The UK's Climate Change Committee (CCC) delivered its biennial report of progress in preparing for climate change as required under the 2008 Climate Change Act, on the 29th of March. The report summarises the changes being made or planned, sector by sector (and inter-sector) and presents a damning set of evidence to show that not a single sector in England is prepared for the impacts of climate change.
The report identified 45 outcomes that must be prepared for climate change across key sectors, ranging from nature and food security to finance, energy and telecommunications. It found that government has not yet delivered on any of these, and only has credible policies and plans in place to deliver in the future for five of the 45 outcomes.
The report describes the last ten years as a 'lost decade' for government action. In presenting the evidence, Baroness Brown, Chair of the CCC’s Adaptation Committee, said she is concerned that there is not enough understanding of the situation we face:
Achieving net zero does not mean no climate change; climate change is happening now at 1.2C of warming.
She pointed to the hottest year on record - 2022 - in which temperatures in England exceeded 40C for the first time and she said we were likely to exceed 1.5C warming by the early 2030’s. From heatwaves causing train tracks to buckle to fierce winter storms knocking out power supplies, climate change is already affecting every aspect of our society. She added that the Government must fully understand the cost of inaction and must stop seeing this subject as Defra’s problem when all departments are affected, from levelling up, housing, and energy to business. She saw a particular role for business, which, she said, unlike the Government, has a good understanding, but which will not invest without clear direction from policies, targets and standards: 'we must make adaptation attractive to business'. For the Finance sector, investments must be stress-tested for climate change adaptation and services must drive investment to this area.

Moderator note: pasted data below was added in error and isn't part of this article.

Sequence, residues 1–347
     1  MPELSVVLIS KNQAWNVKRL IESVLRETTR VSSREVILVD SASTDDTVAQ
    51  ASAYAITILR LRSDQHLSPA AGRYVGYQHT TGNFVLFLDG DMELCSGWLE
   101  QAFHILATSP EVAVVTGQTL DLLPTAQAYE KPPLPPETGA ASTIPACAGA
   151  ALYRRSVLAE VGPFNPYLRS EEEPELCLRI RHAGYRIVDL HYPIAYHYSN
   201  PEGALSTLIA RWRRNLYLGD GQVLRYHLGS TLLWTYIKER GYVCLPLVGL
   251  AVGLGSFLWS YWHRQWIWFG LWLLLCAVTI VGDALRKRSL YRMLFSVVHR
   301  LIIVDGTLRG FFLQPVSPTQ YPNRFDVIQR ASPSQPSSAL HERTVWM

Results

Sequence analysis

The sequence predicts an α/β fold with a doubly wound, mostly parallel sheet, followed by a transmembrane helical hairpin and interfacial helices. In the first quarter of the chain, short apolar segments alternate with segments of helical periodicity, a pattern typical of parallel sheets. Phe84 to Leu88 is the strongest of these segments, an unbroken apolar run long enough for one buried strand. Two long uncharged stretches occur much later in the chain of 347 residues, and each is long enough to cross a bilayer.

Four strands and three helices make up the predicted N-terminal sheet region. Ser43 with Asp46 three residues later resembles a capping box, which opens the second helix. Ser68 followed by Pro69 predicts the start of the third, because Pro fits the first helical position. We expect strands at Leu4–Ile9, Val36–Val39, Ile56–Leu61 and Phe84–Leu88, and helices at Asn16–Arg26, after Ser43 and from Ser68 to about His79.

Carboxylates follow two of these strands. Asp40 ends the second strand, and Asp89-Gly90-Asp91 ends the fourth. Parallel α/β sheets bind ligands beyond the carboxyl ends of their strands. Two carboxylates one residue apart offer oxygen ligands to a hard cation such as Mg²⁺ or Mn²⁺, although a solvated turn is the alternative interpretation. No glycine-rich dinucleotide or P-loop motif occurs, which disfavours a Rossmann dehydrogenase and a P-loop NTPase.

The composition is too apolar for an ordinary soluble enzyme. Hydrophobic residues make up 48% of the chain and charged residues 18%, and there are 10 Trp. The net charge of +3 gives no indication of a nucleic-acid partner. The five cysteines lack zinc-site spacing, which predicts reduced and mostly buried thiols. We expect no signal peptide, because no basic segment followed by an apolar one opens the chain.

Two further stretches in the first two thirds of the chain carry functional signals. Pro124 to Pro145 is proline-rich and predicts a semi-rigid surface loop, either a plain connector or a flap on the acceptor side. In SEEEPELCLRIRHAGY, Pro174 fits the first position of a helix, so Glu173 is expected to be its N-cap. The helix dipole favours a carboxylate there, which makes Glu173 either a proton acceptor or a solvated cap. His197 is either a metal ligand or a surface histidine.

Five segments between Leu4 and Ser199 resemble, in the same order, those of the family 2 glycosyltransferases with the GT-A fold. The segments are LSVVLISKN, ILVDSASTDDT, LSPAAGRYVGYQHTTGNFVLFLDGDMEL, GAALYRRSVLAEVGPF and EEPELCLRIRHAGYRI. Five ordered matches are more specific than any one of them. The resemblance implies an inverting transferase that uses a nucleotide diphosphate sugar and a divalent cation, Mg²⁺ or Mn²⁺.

The report looks in detail at 13 sectors of Government and identifies 61 risks. It shows how to close the risk gaps and how to monitor the rate of adaptations being implemented. For example, electricity must be made resilient because by 2035 we will be 100% dependent on electricity, having phased out fossil fuels. It asks if our new electricity infrastructure already in progress has been stress tested for adapting to climate change, including the inter-connections between electricity and services such as water and other critical infrastructure.
Concern is particularly expressed about the resilience of our homes and public buildings, such as hospitals, to heatwaves like the one suffered last year. The report suggests that local government action will be crucial, not least because proper public engagement will be necessary to help communities build resilience. Baroness Brown hopes that the public will raise the issue of climate change resilience with prospective councillors.
Kent County Council was presented as a local authority that takes climate change seriously. KCC was praised for the way in which local farmers were implementing change by growing new crops, and how active travel, street trees and sustainable urban draining systems were being incorporated into place-making and townscapes, with an emphasis on care-homes and health service premises.
As temperatures continue to rise, the UK will increasingly face both known and novel threats – including possible food shortages as extreme weather events overseas affect international supply chains and food prices, the report says, but, despite worsening impacts, efforts to prepare for climate change are not increasing at the scale required. It calls for mandatory adaptation reporting from all sectors including food supply-chains and transport: the Government has the power to do this but uses it on a voluntary basis.